Yes, our system if Property will go, and all those who grow fat on it, landlords, lawyers, parsons and property agents, and others will have to join the ranks of the unemployed, unless they can find some more useful occupation. Endowments, which mean forced contributions, will also fall through, and the Church dignitaries will be reduced to the condition in which their Lord and Master is said to have lived. Not that it is likely or desirable that this change may be suddenly effected. It seems plain, however, that as property can only be maintained by coercion, it is an institution which, however long it many have lasted, is sooner or later doomed to extinction. As long as it lasts, the workers will remain wage-slaves.
It is a curious things that there are numerous people calling themselves Individualists, who are nevertheless in favour of maintaining the State and Property. It is as well to point out that such people are inconsistent. Fancy an individualist in favour of the forcible suppression of individual judgement and liberty!
Again in Huddersfield, my native town, one man, Sir John Ramsden, owns nearly all the land on which the town is built, and by his legal right, can keep people from building on any portions which are lying vacant, although he does not require them himself. Further without any necessary exertion on his part, he has grown immensely rich out of the labour of the inhabitants of the town. So much for Property, which, being Artificial Monopoly, is Natural Theft.
Were the institution of Property abolished, Sir John, like all other landlords, would have to rely (as it is only desirable he should) upon the goodwill of those who maintain him, for his maintenance. He would probably have to take to earning his own living.
The Abolition of Property, i.e., of the State Protection of Possessions is no more likely to lead to disorder than any other step in the direction of liberty.
The abolition of the State would also involve the abolition of another institution which has so long cursed mankind, i.e., the forcible marriage-tie. When such a suggestion is made people generally jump to the conclusion that Anarchists favour wholesale promiscuity; but the extinction of force in the marriage-relationship is no more likely to lead to promiscuity than the extinction of force in the matter of property is likely to lead to communism. On the contrary, just as the abolition of private property is likely to lead to a more widely-diffused private ownership, so the abolition of the forcible marriage-tie is only likely to encourage monogamy so far as it is the arrangement best calculated to bring happiness to man and woman.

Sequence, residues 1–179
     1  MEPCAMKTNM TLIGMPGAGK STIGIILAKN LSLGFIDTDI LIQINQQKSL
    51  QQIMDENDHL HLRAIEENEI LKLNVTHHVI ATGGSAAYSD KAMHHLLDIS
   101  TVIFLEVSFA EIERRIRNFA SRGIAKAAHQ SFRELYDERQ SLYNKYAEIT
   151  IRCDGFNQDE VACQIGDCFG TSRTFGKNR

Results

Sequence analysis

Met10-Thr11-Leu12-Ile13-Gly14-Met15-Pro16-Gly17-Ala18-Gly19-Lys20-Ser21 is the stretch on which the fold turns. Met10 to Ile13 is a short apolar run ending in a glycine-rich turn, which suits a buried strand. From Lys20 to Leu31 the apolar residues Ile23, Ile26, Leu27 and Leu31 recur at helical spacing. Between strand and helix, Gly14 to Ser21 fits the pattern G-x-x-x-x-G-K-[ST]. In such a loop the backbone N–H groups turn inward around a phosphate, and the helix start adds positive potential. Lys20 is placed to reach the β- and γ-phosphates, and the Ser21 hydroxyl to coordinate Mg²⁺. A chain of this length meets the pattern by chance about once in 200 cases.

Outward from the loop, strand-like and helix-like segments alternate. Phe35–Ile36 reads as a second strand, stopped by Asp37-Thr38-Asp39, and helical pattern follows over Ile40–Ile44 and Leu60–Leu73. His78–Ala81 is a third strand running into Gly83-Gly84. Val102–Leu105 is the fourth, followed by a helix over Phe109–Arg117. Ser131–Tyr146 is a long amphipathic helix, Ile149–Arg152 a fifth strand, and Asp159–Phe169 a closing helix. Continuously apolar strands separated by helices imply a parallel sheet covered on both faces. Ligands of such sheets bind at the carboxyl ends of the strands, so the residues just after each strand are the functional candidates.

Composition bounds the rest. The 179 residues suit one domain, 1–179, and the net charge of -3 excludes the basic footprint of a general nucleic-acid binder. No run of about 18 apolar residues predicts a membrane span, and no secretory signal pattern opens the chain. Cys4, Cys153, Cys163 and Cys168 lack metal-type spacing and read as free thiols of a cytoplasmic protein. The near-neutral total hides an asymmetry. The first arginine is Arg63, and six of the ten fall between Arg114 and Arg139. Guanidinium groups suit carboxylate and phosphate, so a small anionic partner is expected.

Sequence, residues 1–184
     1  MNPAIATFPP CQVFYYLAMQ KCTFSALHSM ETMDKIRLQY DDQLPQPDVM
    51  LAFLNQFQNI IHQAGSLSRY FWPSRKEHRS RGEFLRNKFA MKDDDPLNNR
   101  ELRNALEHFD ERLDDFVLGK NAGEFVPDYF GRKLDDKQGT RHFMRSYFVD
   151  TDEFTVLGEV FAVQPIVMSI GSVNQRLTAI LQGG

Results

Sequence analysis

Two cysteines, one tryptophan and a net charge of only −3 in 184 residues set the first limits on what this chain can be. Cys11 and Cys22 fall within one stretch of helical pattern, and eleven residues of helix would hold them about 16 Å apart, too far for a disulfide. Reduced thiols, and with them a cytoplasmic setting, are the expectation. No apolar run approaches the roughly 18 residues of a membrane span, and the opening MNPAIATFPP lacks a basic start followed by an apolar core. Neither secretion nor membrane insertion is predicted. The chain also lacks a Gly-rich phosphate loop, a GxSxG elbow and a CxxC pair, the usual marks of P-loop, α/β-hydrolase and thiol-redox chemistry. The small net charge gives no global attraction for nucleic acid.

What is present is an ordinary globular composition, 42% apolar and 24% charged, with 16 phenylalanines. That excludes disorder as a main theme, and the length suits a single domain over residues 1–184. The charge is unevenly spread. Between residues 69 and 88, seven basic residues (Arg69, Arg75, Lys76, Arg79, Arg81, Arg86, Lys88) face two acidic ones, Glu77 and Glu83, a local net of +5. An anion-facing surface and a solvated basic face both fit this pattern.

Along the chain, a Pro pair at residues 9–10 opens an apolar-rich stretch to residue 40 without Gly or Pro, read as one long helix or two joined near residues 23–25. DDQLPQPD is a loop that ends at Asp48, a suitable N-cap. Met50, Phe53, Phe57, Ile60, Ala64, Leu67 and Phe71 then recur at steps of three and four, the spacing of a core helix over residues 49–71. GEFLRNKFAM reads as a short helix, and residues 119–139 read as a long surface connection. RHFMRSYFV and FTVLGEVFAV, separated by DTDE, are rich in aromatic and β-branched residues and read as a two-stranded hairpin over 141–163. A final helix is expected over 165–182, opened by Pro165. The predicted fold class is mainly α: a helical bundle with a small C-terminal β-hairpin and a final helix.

Marriage is the grave of Love, for the simple reason that the element of force is introduced. How can Love and Coercion thrive together? Either the woman, knowing the man is now bound to maintain her throughout her life, takes advantage of her position to tyrannise over her husband, or the husband takes advantage of the dependent position of his wife to bully and abuse her.
Indeed, the forcible marriage-tie so far from encouraging monogamy, defeats its own ends and engenders wide-spread prostitution. Only in freedom can Love thrive. If the birds can live happily in their conjugal relationship without the sanction of the priest or State official, why may not human beings? Let the preachers of morality go and read their sermons to the swallows and the tom-tits, and try and convert them from their “sinful” mode of life.
Besides the protection of property and person, the State also undertakes to enforce contracts. This function could certainly be performed far more effectively and far more economically than by the cumbrous machinery of our courts of law. Indeed a more ridiculous and ineffective method than our legal system affords could hardly be devised. I think my readers will generally admit that so far from protecting honest men against knaves, it tends rather to place additional power in knaves’ hands, to say nothing of the number of lawyers and their dependents that grow fat on this system.
The best way to ensure honesty in dealing would be by the natural method of boycotting, not that I would thereby advocate any tyrannical measures or compulsion, but that any man of business who acts dishonourably should have his name published through the agency of a voluntary association or otherwise, so as to warn others against dealing with him. Honesty will be best assured by making it to a man’s interest to be honest; and who is prepared to say that our legal system answers this purpose? Drawn up as our laws are by lawyers in lawyer’s language, how can they be expected to apply to every case of grievance that may arise? Plainly the best way to defend our own interests is to join together and make our own rules and establish our own courts of judgement, and thus save lawyers’ fees and the maintenance of courts of law, and also obtain equity in every case that may arise.